It’s amazing how many old wives tales about winter wellness our mothers imparted upon as children have been passed down through generations and accepted as gospel.
Now that winter is here, we’re blowing the lid on the myths and separating the fact from fiction.
Myth 1: It’s not advisable to exercise when it’s cold
Sounds like a great excuse to snuggle up on the sofa and binge-watch House of Cards, but this myth was probably invented by a wannabe couch potato. With Rebel’s diverse range of active wear and breathable compression clothing, as long as you warm up with stretches indoors and allow your body time to adjust to the outdoor temperature before you start pounding the pavements, you’ll be just fine.
Myth 2: You can’t get sick from going out in the cold
It seems mum’s advice telling you to rug up warm wasn’t far off the mark after all. In recent times this guidance was debunked by scientist who believed colds and flu were more likely to be passed out through close proximity indoors. Now new studies published by the National Academy of Sciences have revealed rhinovirus, the bacteria responsible for the common cold virus, reproduces more effectively in the cold. Your immune system is slower to respond when your body temperature is lower. So don’t forget to grab a warm jacket before you head outdoors and make sure to wear thermals when exercising.
Myth 3: You only need to apply sunscreen during summer
Even though there’s no sunshine on a cloudy day, harmful UVA and UVB can still cause skin damage. It sounds a little strange saying don’t forget to slap on sunscreen when outdoors during winter, but in the temperate Australian climate, you need to be sun smart all year around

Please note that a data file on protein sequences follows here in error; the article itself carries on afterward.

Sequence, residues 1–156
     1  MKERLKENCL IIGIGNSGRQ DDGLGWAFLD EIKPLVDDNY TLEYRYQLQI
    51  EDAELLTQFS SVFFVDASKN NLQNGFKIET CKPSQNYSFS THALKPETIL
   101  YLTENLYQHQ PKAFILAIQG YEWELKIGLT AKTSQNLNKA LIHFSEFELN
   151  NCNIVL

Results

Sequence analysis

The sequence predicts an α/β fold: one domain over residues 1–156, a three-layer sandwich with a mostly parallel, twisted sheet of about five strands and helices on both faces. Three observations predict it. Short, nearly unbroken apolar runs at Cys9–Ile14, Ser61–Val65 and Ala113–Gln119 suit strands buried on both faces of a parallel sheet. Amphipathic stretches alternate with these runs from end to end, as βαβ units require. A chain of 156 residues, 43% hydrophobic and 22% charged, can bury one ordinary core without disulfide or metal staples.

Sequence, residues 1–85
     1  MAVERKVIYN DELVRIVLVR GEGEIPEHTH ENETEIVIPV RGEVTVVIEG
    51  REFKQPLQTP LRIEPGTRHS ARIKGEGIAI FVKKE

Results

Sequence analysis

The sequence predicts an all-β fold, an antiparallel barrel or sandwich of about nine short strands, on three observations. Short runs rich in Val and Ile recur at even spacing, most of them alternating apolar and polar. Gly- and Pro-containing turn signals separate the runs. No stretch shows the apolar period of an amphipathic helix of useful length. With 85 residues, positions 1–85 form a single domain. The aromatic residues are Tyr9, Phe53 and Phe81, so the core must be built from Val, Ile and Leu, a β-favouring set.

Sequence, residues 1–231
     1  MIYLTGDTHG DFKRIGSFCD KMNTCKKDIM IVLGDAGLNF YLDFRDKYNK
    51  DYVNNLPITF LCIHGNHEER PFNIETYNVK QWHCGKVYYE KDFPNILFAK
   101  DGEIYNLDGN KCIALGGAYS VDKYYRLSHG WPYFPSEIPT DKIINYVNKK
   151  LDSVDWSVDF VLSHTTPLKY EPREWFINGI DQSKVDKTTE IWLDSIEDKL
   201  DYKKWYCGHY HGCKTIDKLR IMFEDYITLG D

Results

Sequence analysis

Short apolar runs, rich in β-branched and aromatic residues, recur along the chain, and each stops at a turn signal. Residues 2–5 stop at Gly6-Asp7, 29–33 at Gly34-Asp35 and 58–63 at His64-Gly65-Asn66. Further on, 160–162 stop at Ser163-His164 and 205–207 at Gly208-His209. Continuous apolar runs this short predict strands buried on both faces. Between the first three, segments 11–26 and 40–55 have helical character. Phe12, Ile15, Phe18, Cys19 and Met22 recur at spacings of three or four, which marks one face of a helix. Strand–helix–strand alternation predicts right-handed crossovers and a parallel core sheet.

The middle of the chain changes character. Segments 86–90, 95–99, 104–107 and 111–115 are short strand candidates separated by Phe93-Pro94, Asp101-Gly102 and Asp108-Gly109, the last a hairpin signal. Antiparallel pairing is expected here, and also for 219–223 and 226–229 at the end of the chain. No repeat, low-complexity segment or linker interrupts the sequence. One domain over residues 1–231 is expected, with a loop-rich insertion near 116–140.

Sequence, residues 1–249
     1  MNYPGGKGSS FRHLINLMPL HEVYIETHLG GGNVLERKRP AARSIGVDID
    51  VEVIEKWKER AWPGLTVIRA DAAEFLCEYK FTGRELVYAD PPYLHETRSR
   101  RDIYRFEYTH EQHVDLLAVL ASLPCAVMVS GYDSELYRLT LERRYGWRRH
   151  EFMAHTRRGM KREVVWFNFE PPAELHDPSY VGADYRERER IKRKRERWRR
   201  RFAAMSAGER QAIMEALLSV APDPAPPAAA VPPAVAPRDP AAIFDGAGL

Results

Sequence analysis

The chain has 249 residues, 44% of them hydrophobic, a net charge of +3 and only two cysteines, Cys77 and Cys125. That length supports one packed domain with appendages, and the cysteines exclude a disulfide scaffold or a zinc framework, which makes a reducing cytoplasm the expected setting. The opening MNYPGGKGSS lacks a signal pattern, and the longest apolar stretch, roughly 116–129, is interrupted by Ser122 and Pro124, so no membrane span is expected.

Myth 4: Drinking alcohol will warm the cockles of your heart
A hot toddy or bed-time nip of brandy might make you feel warmer, but in actual fact your body temperature drops after drinking and prevents your body’s ability to shiver. Instead opt for a hot cup of herbal tea or lemon with honey.
Myth 5: Chicken soup helps cure colds and flu
You may feel a little better after sipping a hot mug of chicken soup, but nutritionists have suggested it may have more to do with the heat from the soup breaking up congestion, rather than the flavour itself. It’s advisable to avoid soups with dairy as milk and cheese can increase mucus production.
Myth 6: If you slip on ice or take a tumble on the snowy slopes – go limp
Ever wondered why it is drunk people can fall down a flight of stairs and get up like nothing’s happened? It’s the alcohol camouflaging the pain, not the fact that every muscle in their body is relaxed. Going floppy like a rag doll will increase your chances of injury. The latest advice from orthopaedic surgeons is to brace yourself – protect your head and don’t lock your knees.